There is a personal statement from Fern Marder and Carol Walske complaining about copyright infringement on the characters/universe they have created:
There is a relatively new fanzine available, called Antithesis, which deals with the Klingon Empire. The first issue contains material by the zine's editor, P. Spath, which bears close resemblance to details of our Klingon series, Nu Ormenel. We have been assured by Ms. Spath that these similarities are purely coincidental and that she has drawn her material from other sources and her imagination. We are willing to accept her word for this. In view of this situation, however, we would like to make a few comments with reference to the 'Nu Ormenel' material. All works in the 'Nu Ormenel' series have been copyrighted to us, either directly or through the editors of the fanzines in which they appeared. Therefore, the use by any other authors of any 'Nu Ormenel' data about Klingons, our characters, original vocabulary, and proper names, is an infringement of our copyright and will be dealt with accordingly. Any work regarding Klingons which is not identified as part of the 'Nu Ormenel' series, and/or which is not written by one or both of us, IS NOT part of 'Nu Ormenel.' We have not given our permission for anyone to write and publish stories in our series, nor do we plan to in the future. Any story which contains material from 'Nu Ormenel', be it labeled as such or not, has been published contrary to our wishes and to the copyright laws. [1]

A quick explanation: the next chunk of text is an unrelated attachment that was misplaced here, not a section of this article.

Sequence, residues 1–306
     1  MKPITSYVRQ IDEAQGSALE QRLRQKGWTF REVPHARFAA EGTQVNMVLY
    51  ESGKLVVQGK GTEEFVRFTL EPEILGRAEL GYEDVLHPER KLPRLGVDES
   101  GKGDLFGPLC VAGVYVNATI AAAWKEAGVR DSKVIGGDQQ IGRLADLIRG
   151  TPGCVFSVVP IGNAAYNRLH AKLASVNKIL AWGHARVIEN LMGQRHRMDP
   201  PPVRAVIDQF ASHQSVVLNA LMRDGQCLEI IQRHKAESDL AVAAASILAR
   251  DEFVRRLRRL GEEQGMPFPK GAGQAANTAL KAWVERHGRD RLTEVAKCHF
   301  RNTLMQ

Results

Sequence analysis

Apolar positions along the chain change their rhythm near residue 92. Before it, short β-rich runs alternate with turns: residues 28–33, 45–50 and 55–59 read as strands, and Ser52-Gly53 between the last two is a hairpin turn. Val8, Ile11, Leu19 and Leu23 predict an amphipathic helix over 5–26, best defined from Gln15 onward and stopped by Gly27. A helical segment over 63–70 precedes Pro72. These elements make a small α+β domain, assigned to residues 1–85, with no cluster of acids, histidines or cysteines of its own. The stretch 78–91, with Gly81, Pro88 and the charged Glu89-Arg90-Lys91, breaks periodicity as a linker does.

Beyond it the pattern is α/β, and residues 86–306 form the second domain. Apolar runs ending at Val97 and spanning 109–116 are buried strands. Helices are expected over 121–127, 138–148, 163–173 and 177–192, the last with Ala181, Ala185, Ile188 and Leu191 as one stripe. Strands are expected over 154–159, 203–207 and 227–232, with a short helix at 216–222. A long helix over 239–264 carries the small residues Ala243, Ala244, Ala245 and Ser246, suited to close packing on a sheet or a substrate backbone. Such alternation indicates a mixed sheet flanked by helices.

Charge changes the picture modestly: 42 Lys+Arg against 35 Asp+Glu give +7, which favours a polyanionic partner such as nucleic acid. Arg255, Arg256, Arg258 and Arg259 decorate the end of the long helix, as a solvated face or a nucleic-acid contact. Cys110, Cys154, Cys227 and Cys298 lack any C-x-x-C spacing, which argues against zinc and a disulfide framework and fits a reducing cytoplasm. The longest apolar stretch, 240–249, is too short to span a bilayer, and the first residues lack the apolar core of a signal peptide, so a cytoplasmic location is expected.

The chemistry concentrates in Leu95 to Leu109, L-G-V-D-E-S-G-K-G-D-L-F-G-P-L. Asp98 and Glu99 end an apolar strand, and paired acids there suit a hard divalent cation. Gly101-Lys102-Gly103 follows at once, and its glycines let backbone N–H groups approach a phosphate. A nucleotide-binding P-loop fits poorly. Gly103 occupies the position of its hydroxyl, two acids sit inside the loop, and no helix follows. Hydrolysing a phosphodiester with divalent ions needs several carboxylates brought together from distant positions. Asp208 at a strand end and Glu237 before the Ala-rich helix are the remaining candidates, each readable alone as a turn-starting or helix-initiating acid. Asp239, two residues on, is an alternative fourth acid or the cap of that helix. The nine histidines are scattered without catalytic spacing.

Guinn Berger writes:
Ordinarily I don't go in for 'foaming-at-the-mouth' LOCs, but I have just finished reading the personal statements section of the latest Scuttle-but , and I'm about mad enough to chew neutronium. The creators of the Nu Ormenel series, it seems, are particularly peeved by the very suspicious (they say) similarities of Other Writers' Klingon stories to Nu Ormenel. These Other Writers have not now, and never will have their permission to write Nu Ormenel—and if This Situation goes on (they warn darkly) Appropriate Action will be taken. (!) Well, gee. I guess they mean they're going to hire a hit man! I hope they don't seriously believe the copyright laws will protect their Magnum Opus. Anyone who does more than hint that their story is about Klingons, or Andorians, or Romulans, or Thalosians, is violating the copyrights held by Gene Roddenberry, Paramount, Norway Productions, et al—disclaimers notwithstanding. This goes for the girls who are so fierce about protecting their version of Klingon civilization from rip-off, too. A theft is a theft, and we in fandom are all guilty. You cannot plagerize someone's work, expand upon it a bit, and then warn everyone else to keep their cotton-pickin' hands off because it's yours now. We all are lucky that the fan phenomenon is seen by the true holders of ST copyrights as a desirable thing—otherwise the "Appropriate Action" they'd take would have us up to our necks in legal fees. What I'm trying to say, I guess, is let's stop all this 'I-have-a-copyright-and-I'll-sue-your-ass' nonsense inside fandom. Sure, it's good manners to ask permission to use somebody's stories or even their ideas—but how many of us did that before publishing our ST stories based on the brainchild of Gene Roddenberry? HMMMMM? [2]